Defects in the signaling pathways that regulate NMJ differentiation and functioning lead to a variety of congenital neuromuscular disorders termed congenital myasthenic syndromes (CMS), typified by muscle weakness and fatigue [1]. Loss of the nerve signaling caused by the degeneration of motor neurons leads to a debilitating loss of muscle mass, atrophy, and paralysis. Also, aging and diseases such as cancer, AIDS, and chronic heart failure are physical conditions in which NMJ normal activity, muscle mass, and function are highly compromised. For these reasons, understanding the molecular basis of neuromuscular synapse functioning is fundamental to such disorders’ therapeutic approach. This review will focus on the development of the postsynaptic apparatus and will highlight the role of some defects of this process which are at the onset of neuromuscular disease and muscle wasting-associated pathologies.


2  NMJ formation

NMJs do not develop at random locations in muscles; rather, they are assembled in a narrow central region of the muscle fiber, so that many NMJs are located in a row, forming an end plate across the fiber. Each NMJ consists of an area of apposition between a motoneuron axon branch and a single multinucleated muscle fiber. AChRs localize on the postsynaptic muscle membrane, and their spatial distribution is critical for synaptic function. A high density of AChRs at synapses is required to initiate a synaptic action potential in the myofiber. Vice versa, around synapses and in the rest of the fiber, the density of AChRs has to be kept low in order to allow a complete maturation of the NMJ. When myoblasts fuse to form myotubes, AChR subunits are assembled into the membrane at a very low density (1,000 μm−2). In mature synapses, AChRs accumulate at a density >10,000 μm−2directly beneath the motor nerve terminal while they drop to <10 μm−2 in the extrasynaptic membrane [2, 3].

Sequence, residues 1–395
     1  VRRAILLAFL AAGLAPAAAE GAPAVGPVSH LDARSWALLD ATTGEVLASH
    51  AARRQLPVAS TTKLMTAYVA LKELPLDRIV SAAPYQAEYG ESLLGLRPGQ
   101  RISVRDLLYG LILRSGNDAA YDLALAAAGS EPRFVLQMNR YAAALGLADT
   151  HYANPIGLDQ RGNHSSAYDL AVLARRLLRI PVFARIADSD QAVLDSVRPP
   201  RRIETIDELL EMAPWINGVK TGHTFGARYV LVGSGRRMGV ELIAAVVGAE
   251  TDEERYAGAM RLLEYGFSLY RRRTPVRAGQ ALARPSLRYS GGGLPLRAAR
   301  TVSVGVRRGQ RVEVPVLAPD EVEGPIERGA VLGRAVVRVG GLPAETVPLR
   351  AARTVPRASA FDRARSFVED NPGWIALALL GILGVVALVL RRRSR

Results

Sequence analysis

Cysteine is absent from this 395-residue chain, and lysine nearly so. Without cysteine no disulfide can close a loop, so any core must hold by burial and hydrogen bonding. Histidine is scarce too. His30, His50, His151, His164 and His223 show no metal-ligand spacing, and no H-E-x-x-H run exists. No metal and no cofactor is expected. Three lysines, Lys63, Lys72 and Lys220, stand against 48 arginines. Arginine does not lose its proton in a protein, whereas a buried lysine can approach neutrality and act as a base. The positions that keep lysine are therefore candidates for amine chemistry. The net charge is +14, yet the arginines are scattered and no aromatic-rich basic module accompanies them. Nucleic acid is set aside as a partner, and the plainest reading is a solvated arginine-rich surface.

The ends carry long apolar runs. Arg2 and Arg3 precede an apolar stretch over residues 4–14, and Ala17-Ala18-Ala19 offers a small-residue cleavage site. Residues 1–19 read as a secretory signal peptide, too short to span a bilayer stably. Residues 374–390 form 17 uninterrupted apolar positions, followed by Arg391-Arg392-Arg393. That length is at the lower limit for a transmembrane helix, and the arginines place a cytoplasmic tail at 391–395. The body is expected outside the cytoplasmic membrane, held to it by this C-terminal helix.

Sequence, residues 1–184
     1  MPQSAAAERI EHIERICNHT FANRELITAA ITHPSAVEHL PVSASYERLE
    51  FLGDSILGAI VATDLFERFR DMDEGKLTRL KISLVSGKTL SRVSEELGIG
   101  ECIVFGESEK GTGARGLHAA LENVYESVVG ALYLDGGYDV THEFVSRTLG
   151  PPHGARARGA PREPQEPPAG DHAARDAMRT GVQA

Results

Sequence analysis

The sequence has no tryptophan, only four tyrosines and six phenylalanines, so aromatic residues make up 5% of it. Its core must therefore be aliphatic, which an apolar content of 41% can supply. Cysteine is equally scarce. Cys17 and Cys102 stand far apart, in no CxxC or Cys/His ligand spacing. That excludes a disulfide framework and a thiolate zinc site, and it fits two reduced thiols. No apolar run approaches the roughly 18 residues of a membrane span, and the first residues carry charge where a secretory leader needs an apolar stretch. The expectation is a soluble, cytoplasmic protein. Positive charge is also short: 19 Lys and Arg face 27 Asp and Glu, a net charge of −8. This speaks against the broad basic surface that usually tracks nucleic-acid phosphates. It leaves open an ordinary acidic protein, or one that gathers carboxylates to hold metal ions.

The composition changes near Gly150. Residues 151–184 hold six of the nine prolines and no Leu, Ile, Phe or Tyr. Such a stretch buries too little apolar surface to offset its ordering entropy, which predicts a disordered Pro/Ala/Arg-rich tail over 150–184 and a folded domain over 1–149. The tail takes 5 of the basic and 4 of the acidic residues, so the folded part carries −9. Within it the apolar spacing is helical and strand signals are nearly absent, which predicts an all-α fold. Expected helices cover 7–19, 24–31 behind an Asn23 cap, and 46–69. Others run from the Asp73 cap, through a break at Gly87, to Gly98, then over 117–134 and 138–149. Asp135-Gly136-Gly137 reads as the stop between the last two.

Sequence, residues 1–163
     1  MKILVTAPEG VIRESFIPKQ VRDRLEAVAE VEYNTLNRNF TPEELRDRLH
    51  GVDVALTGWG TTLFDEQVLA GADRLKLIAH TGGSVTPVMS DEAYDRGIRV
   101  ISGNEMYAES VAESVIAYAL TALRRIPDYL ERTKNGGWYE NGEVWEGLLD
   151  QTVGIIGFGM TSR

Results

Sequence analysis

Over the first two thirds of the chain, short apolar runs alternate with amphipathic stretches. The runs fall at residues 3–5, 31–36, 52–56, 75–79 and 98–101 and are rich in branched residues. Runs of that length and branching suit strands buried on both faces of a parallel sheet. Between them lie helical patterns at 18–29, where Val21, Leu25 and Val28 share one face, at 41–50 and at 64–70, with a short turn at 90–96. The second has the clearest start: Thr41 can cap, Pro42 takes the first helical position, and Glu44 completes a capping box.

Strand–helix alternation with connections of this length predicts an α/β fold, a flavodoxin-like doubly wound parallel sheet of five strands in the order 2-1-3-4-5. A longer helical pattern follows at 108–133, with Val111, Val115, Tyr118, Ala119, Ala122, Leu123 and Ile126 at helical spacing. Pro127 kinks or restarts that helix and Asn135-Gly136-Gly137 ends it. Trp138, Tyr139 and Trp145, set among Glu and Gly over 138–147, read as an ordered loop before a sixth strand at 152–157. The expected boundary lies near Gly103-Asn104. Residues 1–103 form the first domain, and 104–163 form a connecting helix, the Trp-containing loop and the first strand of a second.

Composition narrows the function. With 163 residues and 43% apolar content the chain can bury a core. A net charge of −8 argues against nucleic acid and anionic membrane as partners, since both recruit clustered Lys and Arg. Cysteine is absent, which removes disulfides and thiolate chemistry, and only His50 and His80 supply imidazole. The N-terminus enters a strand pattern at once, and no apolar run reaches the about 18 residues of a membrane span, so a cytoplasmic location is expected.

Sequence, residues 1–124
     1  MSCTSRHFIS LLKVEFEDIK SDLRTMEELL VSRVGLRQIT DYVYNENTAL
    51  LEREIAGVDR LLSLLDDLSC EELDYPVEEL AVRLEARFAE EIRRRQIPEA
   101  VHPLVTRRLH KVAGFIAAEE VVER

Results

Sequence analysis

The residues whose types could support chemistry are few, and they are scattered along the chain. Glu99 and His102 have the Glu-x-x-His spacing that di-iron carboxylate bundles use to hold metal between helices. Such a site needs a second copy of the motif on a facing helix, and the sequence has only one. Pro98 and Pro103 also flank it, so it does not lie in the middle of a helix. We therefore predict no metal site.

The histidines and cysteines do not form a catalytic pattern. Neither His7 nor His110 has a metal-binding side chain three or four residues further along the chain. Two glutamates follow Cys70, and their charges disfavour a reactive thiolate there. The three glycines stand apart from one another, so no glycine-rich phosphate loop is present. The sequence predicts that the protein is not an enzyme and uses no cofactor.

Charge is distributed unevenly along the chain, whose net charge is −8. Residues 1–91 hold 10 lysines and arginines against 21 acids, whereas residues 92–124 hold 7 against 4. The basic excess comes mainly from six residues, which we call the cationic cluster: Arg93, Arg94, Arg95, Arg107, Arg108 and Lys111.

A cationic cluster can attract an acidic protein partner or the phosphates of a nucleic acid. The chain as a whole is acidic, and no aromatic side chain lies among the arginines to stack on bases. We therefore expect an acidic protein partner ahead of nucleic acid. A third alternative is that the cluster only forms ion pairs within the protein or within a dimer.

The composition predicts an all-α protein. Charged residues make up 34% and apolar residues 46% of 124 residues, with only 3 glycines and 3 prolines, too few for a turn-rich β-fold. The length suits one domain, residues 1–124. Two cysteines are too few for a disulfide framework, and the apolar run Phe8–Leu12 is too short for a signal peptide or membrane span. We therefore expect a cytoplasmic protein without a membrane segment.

A puzzling question about the developing postsynaptic structure is whether the motoneurons or the muscle fibers determine where and how the NMJs are formed. The motor nerve might initiate AChR cluster formation (neurocentric model) or clusters might form aneurally and then recognized by the nerve (myocentric model) [4]. Some studies indicate that the primitive AChR clusterization is nerve independent, while the nerve induces only maturation and enlargement of some of the primitive aneural AChR clusters. During early mouse embryogenesis, between embryonic day 12.5 (E12.5) and E14.5, aneural muscle fibers begin spontaneously to accumulate AChRs in a central region where innervation will occur (prepatterning) [59]. This phenomenon also occurs in mutant mice where motor axons fail to contact skeletal muscle [10]. Following such nerve-independent AChR clustering, nerve terminals overlap some prepatterned AChR clusters and, at E18.5, the innervated clusters are enlarged, whereas the other primitive clusters disappear in synaptic and extrasynaptic regions [8, 9]. Conversely, other studies in cultured myotubes have indicated that motor neurons induce postsynaptic differentiation ignoring preexisting aneural clusters [11, 12]. It has also been recently hypothesized that some already formed AChR clusters are recognized by the nerve on muscle fibers, while others are induced by motor axons [13]. It is also possible that the myogenic and the neurogenic component role might depend on the species and on the developmental context, although the topic keeps being highly controversial [14].